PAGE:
Members of the European Parliament have approved a new law that the EU Commission hopes will maintain the Northern Ireland protocol.
New legislation, first proposed in October by the European Parliament’s Foreign Affairs, Trade, and Constitutional Affairs Committees, has now been approved by the entire European Parliament. On Wednesday, MEPs voted to finalise legislation that would allow the EU Commission to sanction the UK if it fails to comply with the terms of the Brexit Withdrawal Agreement.
Seán Kelly and Christophe Hansen of the European People’s Party drafted the proposal first.
Mr Kelly said: “Politically, this Regulation is a strong statement of EU unity and readiness to take action if the UK were to breach either agreement, including the Protocol on Ireland/Northern Ireland. Especially if the British government refused to participate in the dispute resolution mechanisms provided for.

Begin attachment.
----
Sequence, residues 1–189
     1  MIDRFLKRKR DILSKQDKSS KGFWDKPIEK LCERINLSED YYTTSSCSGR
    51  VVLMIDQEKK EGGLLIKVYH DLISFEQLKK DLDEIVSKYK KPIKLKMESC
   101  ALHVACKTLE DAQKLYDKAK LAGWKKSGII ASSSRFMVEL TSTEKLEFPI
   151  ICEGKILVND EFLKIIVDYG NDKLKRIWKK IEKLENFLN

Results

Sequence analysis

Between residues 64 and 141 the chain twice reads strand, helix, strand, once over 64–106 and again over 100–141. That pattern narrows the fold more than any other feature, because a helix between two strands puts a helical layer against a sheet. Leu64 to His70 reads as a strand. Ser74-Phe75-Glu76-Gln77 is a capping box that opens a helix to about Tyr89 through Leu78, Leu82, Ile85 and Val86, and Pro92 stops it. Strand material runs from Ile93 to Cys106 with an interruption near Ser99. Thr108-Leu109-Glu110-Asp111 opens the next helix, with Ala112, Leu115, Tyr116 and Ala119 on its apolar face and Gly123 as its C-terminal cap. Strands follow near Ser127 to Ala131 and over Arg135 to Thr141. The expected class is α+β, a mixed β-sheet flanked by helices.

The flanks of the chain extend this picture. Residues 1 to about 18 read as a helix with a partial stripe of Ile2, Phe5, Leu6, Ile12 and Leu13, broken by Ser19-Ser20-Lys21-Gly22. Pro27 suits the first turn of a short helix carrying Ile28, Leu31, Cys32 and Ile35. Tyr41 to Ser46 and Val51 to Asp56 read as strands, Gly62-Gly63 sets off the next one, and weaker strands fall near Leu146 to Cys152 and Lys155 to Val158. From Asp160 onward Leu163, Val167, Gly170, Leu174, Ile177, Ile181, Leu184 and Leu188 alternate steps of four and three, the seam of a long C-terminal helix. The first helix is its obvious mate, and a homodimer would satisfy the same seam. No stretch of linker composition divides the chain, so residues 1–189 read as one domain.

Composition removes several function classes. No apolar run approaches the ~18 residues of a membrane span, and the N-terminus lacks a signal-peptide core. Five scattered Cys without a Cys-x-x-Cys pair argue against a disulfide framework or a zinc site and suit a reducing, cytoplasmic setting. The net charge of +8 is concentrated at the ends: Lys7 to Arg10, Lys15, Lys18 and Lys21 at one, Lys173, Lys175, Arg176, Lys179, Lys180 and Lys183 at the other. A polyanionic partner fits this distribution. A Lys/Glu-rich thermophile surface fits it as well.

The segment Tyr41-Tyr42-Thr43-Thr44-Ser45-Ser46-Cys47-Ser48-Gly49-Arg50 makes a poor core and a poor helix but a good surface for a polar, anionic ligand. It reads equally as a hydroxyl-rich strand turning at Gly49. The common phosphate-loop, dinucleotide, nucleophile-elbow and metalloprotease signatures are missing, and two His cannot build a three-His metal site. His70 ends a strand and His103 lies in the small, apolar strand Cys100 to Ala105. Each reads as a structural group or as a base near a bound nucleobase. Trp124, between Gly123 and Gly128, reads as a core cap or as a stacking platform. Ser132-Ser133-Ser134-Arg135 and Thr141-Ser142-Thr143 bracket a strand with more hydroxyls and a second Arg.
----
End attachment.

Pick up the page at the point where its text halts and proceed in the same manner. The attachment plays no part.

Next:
“Of course, we would prefer if the enforcement mechanisms were not needed. However, while we welcome the more constructive and positive approach from the UK towards the EU under Prime Minister Sunak, we have yet to see that translated into action.
“The mood music is much better, and while I think we are going in the direction, the reality is the legal situation remains the same.”
“From an Irish perspective, this Regulation is also essential to protect the all-Ireland economy,” he added, adding that there have been encouraging signs that the UK government wishes to repair some of the damage done to its relations with the Irish government.
Negotiations between UK and EU officials resumed last month, but the Northern Ireland Protocol remains a sticking point.
On Thursday, Ursula von der Leyen stated that she is “very confident” that a solution to the Protocol will be found if the UK Government has the political will.